‘It was in the spring-time in Galilee, when the flowers appeared upon the earth, that the Resurrection of our Lord took place, and it is in the spring that, to nations of the Western world, the tidings of the Resurrection always come. Just then, when all nature is chanting songs and shouting messages of life resurgent, in the midst of the young leaves, with a carpet of glad flowers, set in a scene of blossom and beauty, is given to us the vision of the Risen Christ. Later, when the promise has been fulfilled and spring has become summer, and the blue sky already holds the secret of the Ascension, comes the messages of the revelation of Pentecost and the power of the Spirit, to rouse those who believe in Him to think of the Christ of power and prevailing purpose.
It is the gospel of the rise of man that is being preached to us now. Goethe once said to a friend, “Tell me of your faith. I have doubts enough of my own”. To us, weary with the knowledge of our many falls, comes our Lord to tell us of a power to rise that may be ours. His end in coming was not to judge but to save the world, “that whosoever believeth in Him should not perish but have everlasting life”.
The Church is not just an ark from a drowning world, or a place of refuge from a merciless conflagration. It is the power-house wherein we have sacramental points of contact with the Life behind our life. The power behind life is not just force, but purposive creative Personality, and our sacramental communion is contact with the Resurrection life of Christ our Lord’.
Father Andrew SDC, 1869-1946
Grant, we beseech thee, merciful God: that thy Church, being gathered together in unity by thy Holy Ghost, may manifest thy power among all peoples to the glory of thy Name; through Jesus Christ thy Son our Lord, who liveth and reigneth with thee, in the unity of the same Holy Ghost, ever one God, world without end. Amen. - Divine Worship: The Missal.
‘They took the body down from the cross and one of the few rich men among the first Christians obtained permission to bury it in a rock tomb in his garden; the Romans setting a military guard lest there should be some riot and attempt to recover the body. There was once more a natural symbolism in these natural proceedings; it was well that the tomb should be sealed with all the secrecy of ancient eastern sepulchre and guarded by the authority of the Caesars. For in that second cavern the whole of that great and glorious humanity which we call antiquity was gathered up and covered over; and in that place it was buried. It was the end of a very great thing called human history; the history that was merely human. The mythologies and the philosophies were buried there, the gods and the heroes and the sages. In the great Roman phrase, they had lived. But as they could only live, so they could only die; and they were dead.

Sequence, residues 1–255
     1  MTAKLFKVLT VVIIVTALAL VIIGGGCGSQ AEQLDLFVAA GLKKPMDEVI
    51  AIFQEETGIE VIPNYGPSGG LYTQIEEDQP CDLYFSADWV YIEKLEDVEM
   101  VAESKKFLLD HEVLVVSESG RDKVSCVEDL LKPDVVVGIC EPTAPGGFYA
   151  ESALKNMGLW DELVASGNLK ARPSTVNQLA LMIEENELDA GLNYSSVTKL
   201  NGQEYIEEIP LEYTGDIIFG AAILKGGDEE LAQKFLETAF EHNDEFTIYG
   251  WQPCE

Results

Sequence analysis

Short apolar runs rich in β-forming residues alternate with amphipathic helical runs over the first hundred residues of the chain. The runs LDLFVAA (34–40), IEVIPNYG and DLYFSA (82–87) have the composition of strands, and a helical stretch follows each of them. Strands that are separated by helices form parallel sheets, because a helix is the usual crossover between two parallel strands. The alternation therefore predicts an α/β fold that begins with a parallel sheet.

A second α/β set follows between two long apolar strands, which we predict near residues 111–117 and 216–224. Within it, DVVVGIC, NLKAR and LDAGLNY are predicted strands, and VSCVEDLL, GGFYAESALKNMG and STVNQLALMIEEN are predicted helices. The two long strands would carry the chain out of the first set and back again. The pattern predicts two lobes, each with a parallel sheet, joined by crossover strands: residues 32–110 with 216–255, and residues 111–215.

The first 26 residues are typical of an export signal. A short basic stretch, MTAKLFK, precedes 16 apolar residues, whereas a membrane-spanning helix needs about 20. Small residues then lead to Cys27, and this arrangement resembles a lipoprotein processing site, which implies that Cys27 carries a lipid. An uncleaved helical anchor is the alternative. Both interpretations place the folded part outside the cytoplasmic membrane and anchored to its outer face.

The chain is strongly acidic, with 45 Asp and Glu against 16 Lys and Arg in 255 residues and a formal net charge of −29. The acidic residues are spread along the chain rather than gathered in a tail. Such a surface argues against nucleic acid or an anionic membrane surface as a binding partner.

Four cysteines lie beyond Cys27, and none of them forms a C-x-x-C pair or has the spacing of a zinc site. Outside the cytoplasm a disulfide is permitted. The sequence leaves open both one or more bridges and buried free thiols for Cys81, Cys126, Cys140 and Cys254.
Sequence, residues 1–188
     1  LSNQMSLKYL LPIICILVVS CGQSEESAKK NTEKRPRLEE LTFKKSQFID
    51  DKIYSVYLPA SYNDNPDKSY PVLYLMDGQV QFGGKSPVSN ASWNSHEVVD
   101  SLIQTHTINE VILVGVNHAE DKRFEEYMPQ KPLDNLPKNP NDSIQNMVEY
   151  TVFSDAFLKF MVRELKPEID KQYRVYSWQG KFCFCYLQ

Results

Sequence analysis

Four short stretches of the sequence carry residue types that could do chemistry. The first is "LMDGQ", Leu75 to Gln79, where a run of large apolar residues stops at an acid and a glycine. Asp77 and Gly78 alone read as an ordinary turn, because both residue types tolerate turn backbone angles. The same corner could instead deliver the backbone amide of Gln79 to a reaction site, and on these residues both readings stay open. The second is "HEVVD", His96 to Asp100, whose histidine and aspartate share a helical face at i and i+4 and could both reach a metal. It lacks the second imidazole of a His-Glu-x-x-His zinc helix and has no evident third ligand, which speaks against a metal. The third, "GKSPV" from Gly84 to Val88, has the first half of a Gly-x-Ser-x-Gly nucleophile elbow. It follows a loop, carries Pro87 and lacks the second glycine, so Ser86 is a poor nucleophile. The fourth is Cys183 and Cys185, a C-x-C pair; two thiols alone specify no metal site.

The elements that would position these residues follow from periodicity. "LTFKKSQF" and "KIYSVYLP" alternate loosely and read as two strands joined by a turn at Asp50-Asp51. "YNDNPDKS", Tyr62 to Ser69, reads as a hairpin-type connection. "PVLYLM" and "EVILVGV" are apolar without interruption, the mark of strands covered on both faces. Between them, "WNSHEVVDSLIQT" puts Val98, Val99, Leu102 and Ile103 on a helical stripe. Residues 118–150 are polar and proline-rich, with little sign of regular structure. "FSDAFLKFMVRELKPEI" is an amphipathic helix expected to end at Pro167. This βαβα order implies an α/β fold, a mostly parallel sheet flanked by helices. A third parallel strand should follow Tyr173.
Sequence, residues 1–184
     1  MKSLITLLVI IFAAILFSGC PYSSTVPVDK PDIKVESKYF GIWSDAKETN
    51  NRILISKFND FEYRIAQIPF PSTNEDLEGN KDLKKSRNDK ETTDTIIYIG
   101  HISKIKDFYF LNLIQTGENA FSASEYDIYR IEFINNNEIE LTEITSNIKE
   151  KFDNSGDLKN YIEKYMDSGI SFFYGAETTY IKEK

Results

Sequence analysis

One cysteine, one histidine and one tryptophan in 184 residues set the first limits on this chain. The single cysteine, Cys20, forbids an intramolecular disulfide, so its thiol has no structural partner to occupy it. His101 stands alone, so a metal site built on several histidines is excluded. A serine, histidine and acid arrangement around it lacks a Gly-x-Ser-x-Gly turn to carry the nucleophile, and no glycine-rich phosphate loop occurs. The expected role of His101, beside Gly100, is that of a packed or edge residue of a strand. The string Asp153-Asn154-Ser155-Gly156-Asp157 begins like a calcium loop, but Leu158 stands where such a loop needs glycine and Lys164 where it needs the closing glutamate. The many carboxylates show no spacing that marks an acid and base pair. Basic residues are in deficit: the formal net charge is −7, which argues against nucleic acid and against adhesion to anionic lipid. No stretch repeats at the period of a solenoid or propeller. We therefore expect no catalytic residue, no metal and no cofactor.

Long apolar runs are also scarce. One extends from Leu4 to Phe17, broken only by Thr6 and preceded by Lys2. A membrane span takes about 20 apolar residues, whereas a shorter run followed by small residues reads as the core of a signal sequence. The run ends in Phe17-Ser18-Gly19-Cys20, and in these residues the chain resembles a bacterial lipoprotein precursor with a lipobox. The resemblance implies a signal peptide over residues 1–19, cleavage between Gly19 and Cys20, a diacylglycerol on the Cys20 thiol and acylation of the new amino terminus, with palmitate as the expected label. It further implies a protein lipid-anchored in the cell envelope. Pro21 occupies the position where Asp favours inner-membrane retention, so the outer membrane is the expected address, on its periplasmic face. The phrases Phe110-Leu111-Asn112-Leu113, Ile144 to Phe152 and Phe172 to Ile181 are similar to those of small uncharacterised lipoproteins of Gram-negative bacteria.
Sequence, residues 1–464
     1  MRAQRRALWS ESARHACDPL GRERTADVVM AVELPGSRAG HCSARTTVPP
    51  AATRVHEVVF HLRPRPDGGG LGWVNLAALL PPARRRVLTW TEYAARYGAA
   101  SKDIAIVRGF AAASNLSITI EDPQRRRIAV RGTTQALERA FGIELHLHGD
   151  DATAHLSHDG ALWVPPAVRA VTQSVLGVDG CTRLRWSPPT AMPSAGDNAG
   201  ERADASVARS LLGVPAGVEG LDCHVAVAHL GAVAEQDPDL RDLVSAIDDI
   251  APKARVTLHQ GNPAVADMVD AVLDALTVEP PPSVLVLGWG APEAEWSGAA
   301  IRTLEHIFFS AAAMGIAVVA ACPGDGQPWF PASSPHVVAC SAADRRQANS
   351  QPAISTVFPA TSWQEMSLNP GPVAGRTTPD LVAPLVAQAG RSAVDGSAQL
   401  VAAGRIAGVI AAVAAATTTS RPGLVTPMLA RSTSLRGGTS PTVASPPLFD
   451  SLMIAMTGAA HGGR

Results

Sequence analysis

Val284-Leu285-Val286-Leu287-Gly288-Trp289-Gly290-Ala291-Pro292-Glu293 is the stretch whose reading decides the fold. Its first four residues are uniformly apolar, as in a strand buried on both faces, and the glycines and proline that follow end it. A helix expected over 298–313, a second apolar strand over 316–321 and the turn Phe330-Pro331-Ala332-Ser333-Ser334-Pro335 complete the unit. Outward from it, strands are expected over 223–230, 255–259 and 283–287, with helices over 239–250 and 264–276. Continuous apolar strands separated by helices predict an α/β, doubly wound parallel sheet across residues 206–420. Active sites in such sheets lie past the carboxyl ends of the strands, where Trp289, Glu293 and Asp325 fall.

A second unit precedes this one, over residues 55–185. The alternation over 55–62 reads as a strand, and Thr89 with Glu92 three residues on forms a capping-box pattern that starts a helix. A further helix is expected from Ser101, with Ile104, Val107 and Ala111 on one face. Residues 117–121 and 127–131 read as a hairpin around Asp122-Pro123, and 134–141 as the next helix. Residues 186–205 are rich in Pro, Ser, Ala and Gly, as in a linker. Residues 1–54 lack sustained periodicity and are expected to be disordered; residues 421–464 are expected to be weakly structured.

On the third day the friends of Christ coming at daybreak to the place found the grave empty and the stone rolled away. In varying ways they realised the new wonder; but even they hardly realised that the world had died in the night. What they were looking at was the first day of a new creation, with a new heaven and a new earth; and in a semblance of the gardener God walked again in the garden, in the cool not of the evening but the dawn’.
from The Everlasting Man, 1925, by G.K. Chesterton, 1874-1936
‘Living as we do in an age of reductionism, when many theologians think that the Christian faith must be secularised and made as inoffensive as possible, we may think that Paul has been somewhat reckless in making everything depend on the reality of Christ’s resurrection. Is not that one of the weakest and most vulnerable articles in the creed? In this enlightened modern age, surely everyone knows that dead men do not rise. To say that Christian faith stands or falls with the resurrection of our Lord is to offer an unbearable offence to the modern mind. Incidentally, it seems to have been an offence to the ancient mind too, for when Paul preached on the resurrection at Athens, the sophisticated people there laughed at him. They knew as well as people today that dead men do not rise.